Dumb Duterte has Dangerous Leader Syndrome
FOLKS are different and different points of view should be tolerated, even when they are profoundly annoying or embarrassingly silly or just plain wacky. So perhaps a degree of tolerance should be shown toward a man who appears, well, utterly bonkers, namely President Rodrigo Duterte of the Philippines; but then again, perhaps it should not.
For if there is one thing that is pretty indisputable in this world, it is that those who are bonkers, foulmouthed, dishonest, racist, corrupt and an insult to normal civilised behaviour ultimately get called out.
So it is probably fair to say, since Duterte has already committed all these sins and others, and as he appears unrepentant about doing so, his days as a political leader are likely to end sooner rather than later.
Indeed, if Duterte, 71, lasts as long as one of his quite recent, ill-fated predecessors, Joseph Estrada, it will surprise many observers of Philippine politics.
The two men are rather similar. Estrada, like Duterte, was a straighttalking populist and serial philanderer, who served as a town mayor for many years before winning the presidency in 1998 by a wide margin.
But due to his many foibles and misdemeanors, most especially plundering the treasury of some US$80 million, Estrada lasted less than half of his six-year term before being impeached and booted out.
Duterte has only been in office for six months and already many voices are saying that he could face a similar fate before very long.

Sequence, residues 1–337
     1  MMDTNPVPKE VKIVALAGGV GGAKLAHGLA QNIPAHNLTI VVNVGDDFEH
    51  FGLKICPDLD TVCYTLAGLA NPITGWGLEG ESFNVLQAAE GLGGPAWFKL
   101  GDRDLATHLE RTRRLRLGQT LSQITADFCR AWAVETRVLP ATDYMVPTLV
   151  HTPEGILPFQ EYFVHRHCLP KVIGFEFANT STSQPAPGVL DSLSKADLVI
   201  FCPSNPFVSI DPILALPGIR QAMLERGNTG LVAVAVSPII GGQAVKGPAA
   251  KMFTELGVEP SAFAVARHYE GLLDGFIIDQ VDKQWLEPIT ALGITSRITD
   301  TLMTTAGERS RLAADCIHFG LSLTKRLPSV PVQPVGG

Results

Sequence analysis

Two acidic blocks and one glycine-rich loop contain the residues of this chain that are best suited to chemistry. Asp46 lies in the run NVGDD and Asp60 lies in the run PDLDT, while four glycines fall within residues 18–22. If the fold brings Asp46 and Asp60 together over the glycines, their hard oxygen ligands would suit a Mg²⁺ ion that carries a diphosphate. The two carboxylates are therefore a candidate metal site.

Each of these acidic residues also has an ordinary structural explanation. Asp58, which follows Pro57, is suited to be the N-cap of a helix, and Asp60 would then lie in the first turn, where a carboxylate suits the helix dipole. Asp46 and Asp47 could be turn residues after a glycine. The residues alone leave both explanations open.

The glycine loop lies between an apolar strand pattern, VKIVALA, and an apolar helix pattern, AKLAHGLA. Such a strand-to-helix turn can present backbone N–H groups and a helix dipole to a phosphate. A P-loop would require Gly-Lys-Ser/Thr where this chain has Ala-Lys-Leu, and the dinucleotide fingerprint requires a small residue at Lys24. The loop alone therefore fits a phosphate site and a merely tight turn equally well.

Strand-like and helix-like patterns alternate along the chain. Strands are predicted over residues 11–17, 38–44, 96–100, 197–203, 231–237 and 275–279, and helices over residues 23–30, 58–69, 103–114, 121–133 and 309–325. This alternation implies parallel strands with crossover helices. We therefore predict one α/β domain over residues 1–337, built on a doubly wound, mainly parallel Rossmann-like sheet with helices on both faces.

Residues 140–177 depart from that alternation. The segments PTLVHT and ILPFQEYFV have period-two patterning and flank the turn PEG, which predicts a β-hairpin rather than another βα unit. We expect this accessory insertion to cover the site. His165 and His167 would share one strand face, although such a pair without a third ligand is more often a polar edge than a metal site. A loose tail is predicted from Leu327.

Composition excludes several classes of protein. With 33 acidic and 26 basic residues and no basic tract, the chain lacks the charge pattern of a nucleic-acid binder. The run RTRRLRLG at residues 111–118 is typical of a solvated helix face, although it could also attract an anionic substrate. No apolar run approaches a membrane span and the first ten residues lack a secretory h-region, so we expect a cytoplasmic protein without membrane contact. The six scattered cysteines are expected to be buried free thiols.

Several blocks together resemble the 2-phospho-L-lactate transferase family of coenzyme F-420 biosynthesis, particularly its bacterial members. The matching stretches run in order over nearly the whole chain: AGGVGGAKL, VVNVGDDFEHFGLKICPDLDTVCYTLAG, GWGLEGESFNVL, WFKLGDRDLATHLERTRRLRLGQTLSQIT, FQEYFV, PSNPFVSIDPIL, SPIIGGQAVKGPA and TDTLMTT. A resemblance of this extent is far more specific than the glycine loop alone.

For instance, Carlyle Thayer, a respected regional analyst at the Australian Defence Force Academy, said Duterte’s baffling move to pivot the Philippines away from the United States and into China’s orbit could come unravelled.
For sure, given Duterte’s volatility, the Chinese will be cautious and will know that any hiccup in their ties with Manila could result in Duterte pivoting round in another direction.
“China will have to calculate whether President Duterte will last his six years in office and whether the Philippines will remain stable,” said Thayer.
Both those matters are now open to serious doubt, given that right after Duterte’s visit to Beijing when he extolled his “separation” from the US, his special envoy to China, former president Fidel Ramos, deserted him.
In what was viewed as a major coup at the time, Duterte sent the esteemed Ramos to Hong Kong to seek an accord after a United Nations tribunal had upheld Manila’s claims in the South China Sea and rejected Beijng’s.
All appeared to go well at first, but then Ramos, a courteous and principled 88-year-old, became increasingly irked by his president’s gutter language and his policy of exterminating alleged drug users without due process.
So Ramos, a former chief of the armed forces, penned an open letter last month in which he lambasted Duterte’s attacks on the US and the UN, and said his first 100 days in office were a “huge disappointment and letdown”.